Decided on May 02,1958

Banwarilal Chowkhani, Proprietor Of Chowkhani Tea Seed Estates Appellant
A.M. Deshmukhya, Addl. Dy. Commr. And Anr. Respondents


H. Deka, J. - (1.)THIS is an application under Article 226 of the Constitution for an appropriate writ quashing the order of Mr. A.M. Deshmukhya, Additional Deputy Commissioner working as an Authority under the Minimum Wages Act. The order impugned is dated 29 -1 -1958. As a matter of fact the order docs not amount to disposal of the case finally but the writ petition is against the order entertaining the complaint under Section 20 of the Minimum Wages Act. The facts shortly put are that the Petitioner is a proprietor of Chowkhani Tea Seed Estate comprising of an area of less than twenty -five acres of land, (the exact area is not stated) where tea seed plants are grown only for the purpose of collecting seeds and for a part of the season and it is alleged that only part -time labourers are engaged for the purpose. The local Government Labour Officer submitted an application under Section 20 of the Minimum Wages Act to the Additional Deputy Commissioner, Lakhimpur on 3 -9 -57 alleging that the Petitioner was not paying the minimum rate of wages fixed by the Government to the labourers engaged by him for the purpose of work in the Estate between 30 -3 -1952 and 12 -4 -1957 and the owner has violated provisions of Section 12 of the Minimum Wages Act.
He estimated the relief at Rs. 7,500/ - and also claimed compensation amounting to Rs. 75,000/ -. The proprietor of the Tea Seed Estate showed cause against this application and questioned the jurisdiction of the learned Additional Deputy Commissioner to entertain the application and contended that the employment in the Tea Seed Estate was not a 'scheduled employment' under the Minimum Wages Act. He further contended that the application was barred by time. The learned Additional Deputy Commissioner decided the point of limitation partly in favour of the Petitioner and partly against him but on the other hand rejected the contention that he had no jurisdiction to entertain the application on the ground that the labourers in Tea Seed Estate could not be said to be in scheduled employment.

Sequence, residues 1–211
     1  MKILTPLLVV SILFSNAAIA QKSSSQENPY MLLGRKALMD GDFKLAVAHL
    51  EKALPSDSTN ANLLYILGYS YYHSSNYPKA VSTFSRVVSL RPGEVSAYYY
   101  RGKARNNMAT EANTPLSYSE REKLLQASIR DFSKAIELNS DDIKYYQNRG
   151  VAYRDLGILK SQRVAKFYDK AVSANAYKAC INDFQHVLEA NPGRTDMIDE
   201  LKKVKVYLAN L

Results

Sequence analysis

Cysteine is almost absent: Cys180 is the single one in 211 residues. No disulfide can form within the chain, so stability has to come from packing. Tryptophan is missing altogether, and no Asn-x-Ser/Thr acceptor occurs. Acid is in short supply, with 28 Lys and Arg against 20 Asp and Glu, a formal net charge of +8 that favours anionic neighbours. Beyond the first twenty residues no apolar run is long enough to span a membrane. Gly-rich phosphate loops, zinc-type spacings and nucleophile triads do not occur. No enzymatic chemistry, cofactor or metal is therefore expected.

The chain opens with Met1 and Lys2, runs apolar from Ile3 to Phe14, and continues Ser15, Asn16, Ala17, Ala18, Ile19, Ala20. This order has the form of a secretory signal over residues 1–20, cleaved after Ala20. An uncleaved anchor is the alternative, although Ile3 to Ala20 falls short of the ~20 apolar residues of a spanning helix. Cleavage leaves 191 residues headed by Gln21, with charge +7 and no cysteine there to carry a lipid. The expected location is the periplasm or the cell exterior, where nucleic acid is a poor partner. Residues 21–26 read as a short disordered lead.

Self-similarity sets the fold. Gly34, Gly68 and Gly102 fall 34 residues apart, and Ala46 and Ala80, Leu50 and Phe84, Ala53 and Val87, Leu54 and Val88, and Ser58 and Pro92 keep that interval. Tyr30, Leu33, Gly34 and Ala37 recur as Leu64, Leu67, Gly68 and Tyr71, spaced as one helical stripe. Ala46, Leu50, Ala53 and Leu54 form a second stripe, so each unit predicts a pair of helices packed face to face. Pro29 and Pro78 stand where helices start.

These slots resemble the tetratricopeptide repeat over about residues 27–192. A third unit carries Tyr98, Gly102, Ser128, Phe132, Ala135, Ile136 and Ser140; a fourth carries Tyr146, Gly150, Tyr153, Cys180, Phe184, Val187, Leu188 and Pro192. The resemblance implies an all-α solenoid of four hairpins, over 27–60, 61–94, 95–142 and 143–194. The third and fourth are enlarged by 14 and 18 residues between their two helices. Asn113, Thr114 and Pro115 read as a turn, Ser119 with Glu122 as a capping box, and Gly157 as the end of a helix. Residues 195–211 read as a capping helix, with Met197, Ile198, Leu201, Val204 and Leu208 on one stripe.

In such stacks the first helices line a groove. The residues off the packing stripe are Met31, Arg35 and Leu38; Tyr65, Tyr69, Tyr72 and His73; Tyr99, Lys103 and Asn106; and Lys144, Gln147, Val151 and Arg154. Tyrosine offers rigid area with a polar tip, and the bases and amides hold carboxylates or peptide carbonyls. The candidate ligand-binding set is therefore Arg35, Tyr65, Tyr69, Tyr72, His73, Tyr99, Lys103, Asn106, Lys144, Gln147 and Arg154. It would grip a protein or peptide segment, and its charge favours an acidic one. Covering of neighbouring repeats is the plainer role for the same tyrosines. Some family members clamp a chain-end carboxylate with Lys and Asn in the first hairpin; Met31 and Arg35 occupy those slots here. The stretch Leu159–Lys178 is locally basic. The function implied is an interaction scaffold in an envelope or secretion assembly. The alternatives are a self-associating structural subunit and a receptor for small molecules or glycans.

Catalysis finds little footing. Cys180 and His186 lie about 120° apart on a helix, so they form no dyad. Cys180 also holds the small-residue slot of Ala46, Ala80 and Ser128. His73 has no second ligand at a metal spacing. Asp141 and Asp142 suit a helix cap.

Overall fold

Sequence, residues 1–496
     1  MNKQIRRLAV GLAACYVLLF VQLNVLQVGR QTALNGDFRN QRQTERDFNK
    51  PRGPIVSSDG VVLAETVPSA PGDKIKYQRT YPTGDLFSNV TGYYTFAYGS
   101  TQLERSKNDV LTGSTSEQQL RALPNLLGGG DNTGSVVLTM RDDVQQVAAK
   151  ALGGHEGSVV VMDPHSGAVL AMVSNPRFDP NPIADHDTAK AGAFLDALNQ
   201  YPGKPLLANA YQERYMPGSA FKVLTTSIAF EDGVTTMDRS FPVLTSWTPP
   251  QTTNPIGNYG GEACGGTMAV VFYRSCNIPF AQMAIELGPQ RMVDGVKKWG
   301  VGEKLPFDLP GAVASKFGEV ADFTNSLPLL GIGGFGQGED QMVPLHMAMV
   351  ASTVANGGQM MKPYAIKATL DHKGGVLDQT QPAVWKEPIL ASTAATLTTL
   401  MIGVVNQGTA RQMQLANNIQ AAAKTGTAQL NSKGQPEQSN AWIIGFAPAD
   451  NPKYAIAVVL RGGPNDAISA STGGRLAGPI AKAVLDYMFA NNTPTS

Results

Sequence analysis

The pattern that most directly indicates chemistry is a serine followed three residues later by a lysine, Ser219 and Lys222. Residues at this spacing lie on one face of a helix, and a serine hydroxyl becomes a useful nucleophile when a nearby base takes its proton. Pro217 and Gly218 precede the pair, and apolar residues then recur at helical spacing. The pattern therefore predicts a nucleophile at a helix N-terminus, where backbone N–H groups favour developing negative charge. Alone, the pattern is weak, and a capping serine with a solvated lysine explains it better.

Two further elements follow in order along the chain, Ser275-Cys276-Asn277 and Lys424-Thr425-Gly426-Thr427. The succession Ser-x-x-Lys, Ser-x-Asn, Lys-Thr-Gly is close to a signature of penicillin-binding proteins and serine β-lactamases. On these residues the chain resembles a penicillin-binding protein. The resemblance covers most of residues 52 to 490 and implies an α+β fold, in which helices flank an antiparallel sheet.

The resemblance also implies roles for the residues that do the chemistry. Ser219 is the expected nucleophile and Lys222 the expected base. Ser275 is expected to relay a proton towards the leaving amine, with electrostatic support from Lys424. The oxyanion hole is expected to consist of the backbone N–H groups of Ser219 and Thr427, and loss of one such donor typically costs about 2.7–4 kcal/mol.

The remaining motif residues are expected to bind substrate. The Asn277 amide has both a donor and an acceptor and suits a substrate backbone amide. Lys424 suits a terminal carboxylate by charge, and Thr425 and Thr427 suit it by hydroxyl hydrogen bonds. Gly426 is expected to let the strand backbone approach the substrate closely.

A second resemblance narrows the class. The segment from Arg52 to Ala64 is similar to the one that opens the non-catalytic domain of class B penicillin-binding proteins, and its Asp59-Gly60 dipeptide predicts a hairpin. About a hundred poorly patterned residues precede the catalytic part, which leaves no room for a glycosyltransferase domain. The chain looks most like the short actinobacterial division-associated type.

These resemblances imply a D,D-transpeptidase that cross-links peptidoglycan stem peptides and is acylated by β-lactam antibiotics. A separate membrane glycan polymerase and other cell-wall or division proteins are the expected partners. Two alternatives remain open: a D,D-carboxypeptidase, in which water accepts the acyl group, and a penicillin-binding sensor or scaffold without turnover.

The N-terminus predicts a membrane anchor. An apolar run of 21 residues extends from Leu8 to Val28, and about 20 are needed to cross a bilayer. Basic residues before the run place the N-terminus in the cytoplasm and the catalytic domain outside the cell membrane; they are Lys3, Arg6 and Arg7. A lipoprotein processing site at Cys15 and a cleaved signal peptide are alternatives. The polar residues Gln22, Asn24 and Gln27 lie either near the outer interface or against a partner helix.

He held on the other hand that the Minimum Wages Act applied and he had jurisdiction to entertain the application. Against this order the Petitioner has come up to this Court and has contended inter alia that the order of the Additional Deputy Commissioner working as authority under the Minimum Wages Act is without jurisdiction to the extent that he held that the Minimum Wages Act applied in the present case.

(2.)THE term "scheduled employment" is defined in Section 2(g) of the Minimum Wages Act, which runs as follows:
Scheduled employment' means an employment specified in the schedule, or any process or branch of work forming part of such employment.

The schedule referred to in the definition gives several items of which item No. 4 runs as follows:

4. Employment in any plantation, that is to say, any estate which is maintained for the purpose of growing cinchona, rubber, tea or coffee.